San Francisco can be crowded, snobbish, dysfunctional, and even gritty. Part of what keeps me here is that it is a city of secrets, of overlooked perches and un-mined corners. The most exciting moments of living in a fixed place is when small discoveries are made, and the city reveals another flash of its mystique to only those who are continuously searching for the new, the next, the unexplored.
Before I get carried away, let me just say that my small discovery yesterday was by no means new to many people living in San Francisco. But for me it was just the kind of discovery I needed to remind myself why I am still living in the city by the Bay. I finally made my way up to Cortland Street in the Bernal Heights neighborhood in search of a new fusion bakery and was startled to find a nook that seemed utterly distant from the cosmopolitan clamor of downtown or the hipster rush of the Mission.
Cortland is quaint and peaceful and has more of a small town feel than would seem possible in a city of 700,000. To the North of the street looms the green slope of Bernal Hill, and to the South lies the crowded valley and green hills of Daly City and beyond. Quiet churches, carefully tended used bookstores, and charming antique shops characterize the sleepy storefronts.
Best of all, there are dozens of food options in Bernal Heights that I’ve never even heard of. From Italian Vinotecas, sushi joints, local bakeries and delis, cafes, and The Wild Side West Bar, which I’ve always been told is a hidden gem, Cortland modestly reveals that despite its old-school charm, it has much to offer in terms of victual pursuit.
Sandbox Bakery, on Cortland between Gates and Ellsworth, is run by chef Mutsumi Takehara, who garnered her gourmet touch from both Chez Panisse and Slanted Door. The baked goods are made fresh daily and in small batches. The reason I voyaged over the hill to find it was that the premise–a Japanese French Bakery–enticed my fetish for all things fused and hybridized. With it’s off-the-beaten path location and this unique mixture of cultures, I had to go see what Sandbox had in store.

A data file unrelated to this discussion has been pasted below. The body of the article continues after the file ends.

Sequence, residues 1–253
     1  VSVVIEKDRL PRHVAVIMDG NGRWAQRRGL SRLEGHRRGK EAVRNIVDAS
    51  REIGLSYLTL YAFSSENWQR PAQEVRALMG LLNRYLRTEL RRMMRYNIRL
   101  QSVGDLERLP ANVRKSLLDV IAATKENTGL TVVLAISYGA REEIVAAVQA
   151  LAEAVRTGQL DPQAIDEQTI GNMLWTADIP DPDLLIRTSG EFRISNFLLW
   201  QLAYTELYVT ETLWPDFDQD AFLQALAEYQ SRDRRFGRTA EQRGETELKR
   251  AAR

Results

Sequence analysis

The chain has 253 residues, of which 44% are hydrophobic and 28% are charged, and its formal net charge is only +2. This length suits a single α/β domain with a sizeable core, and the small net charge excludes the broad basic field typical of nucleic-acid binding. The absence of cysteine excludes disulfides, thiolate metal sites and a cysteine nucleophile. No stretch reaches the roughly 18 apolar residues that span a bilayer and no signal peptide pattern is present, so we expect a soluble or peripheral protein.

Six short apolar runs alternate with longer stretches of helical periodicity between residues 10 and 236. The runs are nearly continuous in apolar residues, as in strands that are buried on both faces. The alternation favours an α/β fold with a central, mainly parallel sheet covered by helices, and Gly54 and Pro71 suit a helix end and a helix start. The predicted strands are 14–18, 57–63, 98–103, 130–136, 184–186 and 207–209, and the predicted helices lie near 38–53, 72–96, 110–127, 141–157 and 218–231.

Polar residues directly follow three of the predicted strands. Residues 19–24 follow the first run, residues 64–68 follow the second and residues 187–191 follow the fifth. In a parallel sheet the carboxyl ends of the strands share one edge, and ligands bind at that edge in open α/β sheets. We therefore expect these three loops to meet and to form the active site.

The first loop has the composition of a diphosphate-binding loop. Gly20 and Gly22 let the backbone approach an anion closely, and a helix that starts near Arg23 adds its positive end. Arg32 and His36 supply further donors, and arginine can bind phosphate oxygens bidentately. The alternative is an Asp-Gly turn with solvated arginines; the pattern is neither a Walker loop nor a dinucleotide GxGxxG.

What surprised me was that it is not a sit-down place, not even sit down for a second with your coffee kind of place. There are no chairs or tables, and the tiny space reveals just a simple glass counter with baked goods and a side counter with coffee accoutrements. Pastries included the normal French arrangement of scones and croissants, but what makes this place special are the Japanese-inspired delicacies.
After admiring a bun filled with red-bean paste, I opted instead for the savory Negi-Miso Challah Bun. Delicately filled with scallions and miso and glazed in Sesame oil, this made the most perfect flavorful snack that I will definitely return to. I also bought some gingerbread when I noticed that threads of fresh ginger were poking out of the rich looking rust colored cake. The “normal” gingerbread was just as delicious and unique as the exotic-seeming morning bun, so Sandbox proved itself to be a place for classic and twisted treats. Creative fruit tarts with goat cheese and bush berry or yuzu marmalade with sage definitely caught my eye, and certainly made me want to return for a second visit. See their complete menu here.
Sandbox is reasonably priced as well; not nearly as steep as nearby Tartine (though I still claim Tartine is the best bakery in the world). My only qualm was the coffee situation. Why offer two different local roasting companies for the same price? Sandbox has both De La Paz and Ritual Coffee and they make each cup individually for only two bucks–I guess South of Cesar Chavez can really pay off–but there didn’t seem to be a need to split roasting loyalty for the same type of beverage. The decision will probably only end up confusing people and making newcomers to the SF coffee scene feel inadequate for not being able to choose.
I stuck with De La Paz’s rich silky brew and happily munched on fresh gingerbread all the way up steep Gates Street back to Bernal Hill. As I reached the top, the view of the lurching streets of San Francisco spread out before me and the sun shone on this Southern side of the city, reminding me why Bernal Heights may just be my new favorite spot.